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Randomized Trials and Improvement Modalities: Understanding the Federal Role in Education Research

Sun, April 7, 8:00 to 9:30am, Metro Toronto Convention Centre, 800 Level, Room 801A


While we wait for Congress to reauthorize the Education Sciences Reform Act, debate continues about how to improve education research. While such debates are not new (e.g., Eisner, 1992; Erickson, 1992; Hostetler, 2005), today’s arguments are playing out within two larger agendas: an agenda to make education research scientific and another to make it relevant. This paper analyzes legislation, public reports, and speeches to unpack how agendas for educational research are influencing text and talk in the nation’s capital.

Among pressing for more scientific research, there is a general belief that too much money has been spent on less-than-rigorous studies that fail to conclusively answer, what works? They argue for a research infrastructure that promotes randomized trials to clearly identify cause and effect.

Those pressing for more relevant research have pushed for the integration of improvement tools from healthcare and industry. These “improvement scientists” argue that sound evidence alone is not sufficient for change at scale, because practitioners may consider it irrelevant or difficult to implement. They push for a focus on problems of practice, the uptake of Plan-Do-Study-Act (PDSA) cycles, and connecting improvement communities in networks.

Our past research found that proponents on both sides rely on three warrants that add up to the ‘common sense’ about what should be done to improve the quality of education research: an evidentiary warrant, a political warrant, and an accountability warrant. Here, we probe how federal actors use the warrants to argue for specific approaches for improving research quality and how their use may have shifted over time.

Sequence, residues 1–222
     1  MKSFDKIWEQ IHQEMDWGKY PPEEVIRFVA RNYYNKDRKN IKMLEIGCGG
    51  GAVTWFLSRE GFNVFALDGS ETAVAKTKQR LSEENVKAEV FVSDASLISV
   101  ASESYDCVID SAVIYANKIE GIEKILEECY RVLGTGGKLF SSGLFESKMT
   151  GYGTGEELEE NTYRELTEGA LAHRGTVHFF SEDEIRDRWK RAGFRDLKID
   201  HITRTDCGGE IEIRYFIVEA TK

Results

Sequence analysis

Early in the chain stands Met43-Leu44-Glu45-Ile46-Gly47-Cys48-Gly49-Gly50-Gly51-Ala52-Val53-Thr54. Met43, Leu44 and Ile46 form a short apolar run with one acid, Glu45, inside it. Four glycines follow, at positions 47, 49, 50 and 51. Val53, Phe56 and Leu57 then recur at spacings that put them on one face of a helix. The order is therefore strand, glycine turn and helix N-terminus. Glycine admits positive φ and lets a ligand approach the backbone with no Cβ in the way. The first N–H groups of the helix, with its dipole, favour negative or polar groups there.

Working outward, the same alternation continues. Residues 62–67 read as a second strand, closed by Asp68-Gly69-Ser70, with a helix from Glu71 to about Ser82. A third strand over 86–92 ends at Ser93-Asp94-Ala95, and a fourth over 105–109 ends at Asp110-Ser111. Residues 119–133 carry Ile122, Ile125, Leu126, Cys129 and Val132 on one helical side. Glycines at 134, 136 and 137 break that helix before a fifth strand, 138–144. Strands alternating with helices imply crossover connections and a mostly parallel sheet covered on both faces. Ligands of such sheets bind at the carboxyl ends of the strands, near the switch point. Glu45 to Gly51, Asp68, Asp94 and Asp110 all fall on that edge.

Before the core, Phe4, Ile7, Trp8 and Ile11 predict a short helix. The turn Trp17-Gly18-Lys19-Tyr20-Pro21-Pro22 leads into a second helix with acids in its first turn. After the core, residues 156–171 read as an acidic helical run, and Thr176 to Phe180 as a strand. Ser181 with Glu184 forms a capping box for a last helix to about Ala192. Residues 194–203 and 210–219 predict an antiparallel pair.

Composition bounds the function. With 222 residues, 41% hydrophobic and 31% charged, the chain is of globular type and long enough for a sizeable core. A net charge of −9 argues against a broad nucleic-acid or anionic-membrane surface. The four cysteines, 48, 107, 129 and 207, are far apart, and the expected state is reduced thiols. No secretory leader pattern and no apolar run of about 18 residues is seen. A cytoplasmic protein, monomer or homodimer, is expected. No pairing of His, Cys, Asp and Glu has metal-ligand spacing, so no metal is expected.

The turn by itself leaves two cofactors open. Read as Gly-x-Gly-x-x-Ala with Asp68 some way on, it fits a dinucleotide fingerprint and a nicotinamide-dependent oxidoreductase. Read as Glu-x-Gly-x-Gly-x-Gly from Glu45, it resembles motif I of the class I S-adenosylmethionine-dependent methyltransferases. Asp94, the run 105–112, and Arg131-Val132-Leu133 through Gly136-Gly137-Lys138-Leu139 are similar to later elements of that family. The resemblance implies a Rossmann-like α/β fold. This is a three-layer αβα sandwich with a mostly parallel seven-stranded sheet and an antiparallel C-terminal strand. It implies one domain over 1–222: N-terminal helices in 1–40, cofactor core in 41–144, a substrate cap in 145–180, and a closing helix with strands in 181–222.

To conduct our analysis, we gathered documents through systematic searches of research databases. For each document, we reviewed titles and abstracts against a set of criteria detailed in the paper. We then coded documents and used the coded data to write analytic memos to identify patterns, confront outliers, and resolve inconsistencies (Corbin & Strauss, 2008). We also used text analytics to categorize data and draw inferences (Hopkins & King, 2010) and topic modeling to identify and connect patterns of word use across documents (Blei, 2012).

We found that federal actors have built an evidentiary warrant by stressing the use of experimental designs in education research. They also employed a political warrant, emphasizing how funded research must serve the public good and focusing especially on educators translating research into practice. Accountability has also become part of federal discourse around education research. There has been a discursive shift that emphasizes the responsibility of researchers not only to develop an evidence base around what works but also to unpack what works for whom and under what conditions. Recently, IES competitions have included requirements to consider local conditions when scaling interventions and calls for researchers to use continuous improvement tools in their work.

In making explicit the motivations and claims underlying federal efforts to improve education research, we reveal recent attempts to forward both randomized trials and improvement modalities, and we encourage federal officials support projects that draw from (and coordinate) both approaches.


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